A therapist who needs you to do exactly what they say and how they say it, or to complete homework that is consistently dysregulating or upsetting is unlikely to be helpful. It’s okay (and maybe necessary?) for therapy to be uncomfortable but therapy should never feel unsafe.


3. Stay in their lane.

Your therapist should know what they’re good at and what they’re not good at. The most effective therapists know when to refer to trusted colleagues (and they work to create a trusted referral network too). A therapist who doesn’t ask questions about what you’re experiencing before stating that they can help you is unlikely to be truly helpful. 

We all have things we’re good at (for me that’s trauma, eating disorders, and relationship work) and things we are just not equipped to lead people through (for me that’s psychosis, high-acuity substance abuse, and parenting).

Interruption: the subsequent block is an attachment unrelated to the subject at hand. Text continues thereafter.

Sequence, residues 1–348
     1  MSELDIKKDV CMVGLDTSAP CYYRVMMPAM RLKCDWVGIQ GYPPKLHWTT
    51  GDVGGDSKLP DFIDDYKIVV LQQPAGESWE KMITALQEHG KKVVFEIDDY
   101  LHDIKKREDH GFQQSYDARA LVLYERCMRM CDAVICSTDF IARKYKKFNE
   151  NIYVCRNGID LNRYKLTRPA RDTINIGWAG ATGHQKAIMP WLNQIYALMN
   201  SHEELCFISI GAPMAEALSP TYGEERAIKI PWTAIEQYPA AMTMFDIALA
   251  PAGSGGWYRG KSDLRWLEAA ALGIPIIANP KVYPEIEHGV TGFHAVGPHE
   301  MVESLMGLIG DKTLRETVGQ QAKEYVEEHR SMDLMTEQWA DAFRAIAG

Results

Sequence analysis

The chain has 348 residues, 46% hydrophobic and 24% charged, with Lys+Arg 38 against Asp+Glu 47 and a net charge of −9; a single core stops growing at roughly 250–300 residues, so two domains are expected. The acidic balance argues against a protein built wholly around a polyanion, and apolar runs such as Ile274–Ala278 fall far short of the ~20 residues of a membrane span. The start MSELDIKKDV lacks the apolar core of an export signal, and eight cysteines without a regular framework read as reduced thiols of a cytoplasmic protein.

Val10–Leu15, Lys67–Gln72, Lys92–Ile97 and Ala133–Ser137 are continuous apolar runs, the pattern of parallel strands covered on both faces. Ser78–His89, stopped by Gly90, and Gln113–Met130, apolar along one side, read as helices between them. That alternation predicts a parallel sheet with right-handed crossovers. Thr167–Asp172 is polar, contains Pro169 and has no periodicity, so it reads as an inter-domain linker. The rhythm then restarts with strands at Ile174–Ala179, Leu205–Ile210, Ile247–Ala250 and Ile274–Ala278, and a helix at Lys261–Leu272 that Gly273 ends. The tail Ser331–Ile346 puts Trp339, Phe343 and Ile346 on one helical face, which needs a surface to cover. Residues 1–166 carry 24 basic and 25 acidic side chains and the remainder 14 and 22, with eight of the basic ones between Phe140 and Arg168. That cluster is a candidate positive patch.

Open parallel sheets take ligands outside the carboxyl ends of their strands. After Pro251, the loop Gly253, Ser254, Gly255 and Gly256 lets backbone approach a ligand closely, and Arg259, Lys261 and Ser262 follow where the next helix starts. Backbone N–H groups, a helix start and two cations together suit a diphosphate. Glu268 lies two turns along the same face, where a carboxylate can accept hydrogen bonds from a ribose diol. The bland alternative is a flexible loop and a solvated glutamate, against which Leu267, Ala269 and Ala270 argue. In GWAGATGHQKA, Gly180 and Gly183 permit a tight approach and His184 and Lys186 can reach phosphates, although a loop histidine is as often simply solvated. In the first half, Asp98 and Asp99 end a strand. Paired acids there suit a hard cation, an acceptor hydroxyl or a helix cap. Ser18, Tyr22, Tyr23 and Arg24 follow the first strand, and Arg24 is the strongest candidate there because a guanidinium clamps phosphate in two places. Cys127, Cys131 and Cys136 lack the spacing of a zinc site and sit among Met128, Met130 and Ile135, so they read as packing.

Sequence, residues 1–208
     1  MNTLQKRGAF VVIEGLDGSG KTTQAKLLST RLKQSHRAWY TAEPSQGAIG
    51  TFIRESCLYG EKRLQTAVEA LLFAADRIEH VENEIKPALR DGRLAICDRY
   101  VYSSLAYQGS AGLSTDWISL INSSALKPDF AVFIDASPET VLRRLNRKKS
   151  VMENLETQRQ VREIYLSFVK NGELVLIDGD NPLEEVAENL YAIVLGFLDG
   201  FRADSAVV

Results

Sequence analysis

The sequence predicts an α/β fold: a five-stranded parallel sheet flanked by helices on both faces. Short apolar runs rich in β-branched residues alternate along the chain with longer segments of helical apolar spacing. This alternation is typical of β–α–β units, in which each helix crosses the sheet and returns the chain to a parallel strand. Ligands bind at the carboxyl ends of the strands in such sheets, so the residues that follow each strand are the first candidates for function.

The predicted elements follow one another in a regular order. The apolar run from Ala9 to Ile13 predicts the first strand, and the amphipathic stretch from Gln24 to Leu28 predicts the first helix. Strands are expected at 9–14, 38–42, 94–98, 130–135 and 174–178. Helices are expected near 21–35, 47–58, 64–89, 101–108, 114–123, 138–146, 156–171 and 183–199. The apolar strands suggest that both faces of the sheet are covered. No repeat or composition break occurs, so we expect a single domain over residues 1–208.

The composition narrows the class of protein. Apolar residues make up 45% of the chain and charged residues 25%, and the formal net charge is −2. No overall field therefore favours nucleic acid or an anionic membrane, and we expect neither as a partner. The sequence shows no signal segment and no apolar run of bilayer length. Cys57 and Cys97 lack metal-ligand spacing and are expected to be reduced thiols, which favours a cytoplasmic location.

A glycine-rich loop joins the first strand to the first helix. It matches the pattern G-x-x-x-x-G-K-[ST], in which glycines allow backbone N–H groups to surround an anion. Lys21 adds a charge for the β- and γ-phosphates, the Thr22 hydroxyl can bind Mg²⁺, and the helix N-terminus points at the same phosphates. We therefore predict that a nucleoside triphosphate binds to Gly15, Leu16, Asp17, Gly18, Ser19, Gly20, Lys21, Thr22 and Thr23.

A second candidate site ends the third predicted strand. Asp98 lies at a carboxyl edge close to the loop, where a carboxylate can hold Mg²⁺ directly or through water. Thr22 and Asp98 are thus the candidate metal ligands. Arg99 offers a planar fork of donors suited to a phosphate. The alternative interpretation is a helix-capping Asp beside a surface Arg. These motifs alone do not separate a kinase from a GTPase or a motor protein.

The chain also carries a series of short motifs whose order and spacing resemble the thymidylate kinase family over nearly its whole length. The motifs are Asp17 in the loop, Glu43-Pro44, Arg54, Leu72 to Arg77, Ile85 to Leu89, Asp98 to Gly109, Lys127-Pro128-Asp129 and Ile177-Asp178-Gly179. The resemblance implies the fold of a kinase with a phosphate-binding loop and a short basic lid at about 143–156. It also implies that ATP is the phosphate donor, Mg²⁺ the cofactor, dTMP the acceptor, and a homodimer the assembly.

If you’re experiencing or managing symptoms that your therapist isn’t familiar with, they should be either paying for excellent consultation or referring you to someone who has already developed a competence with your symptoms.


How’s your therapist doing on these three things?

  1. Betsy says:

    the best therapist I had (he has since passed away) did these things and we always came up with three things for me before the next session. They could be little or big or a combination-I found that when I had things to do I kept the therapy sessions in mind. Then we revisited those items at the beginning of each session.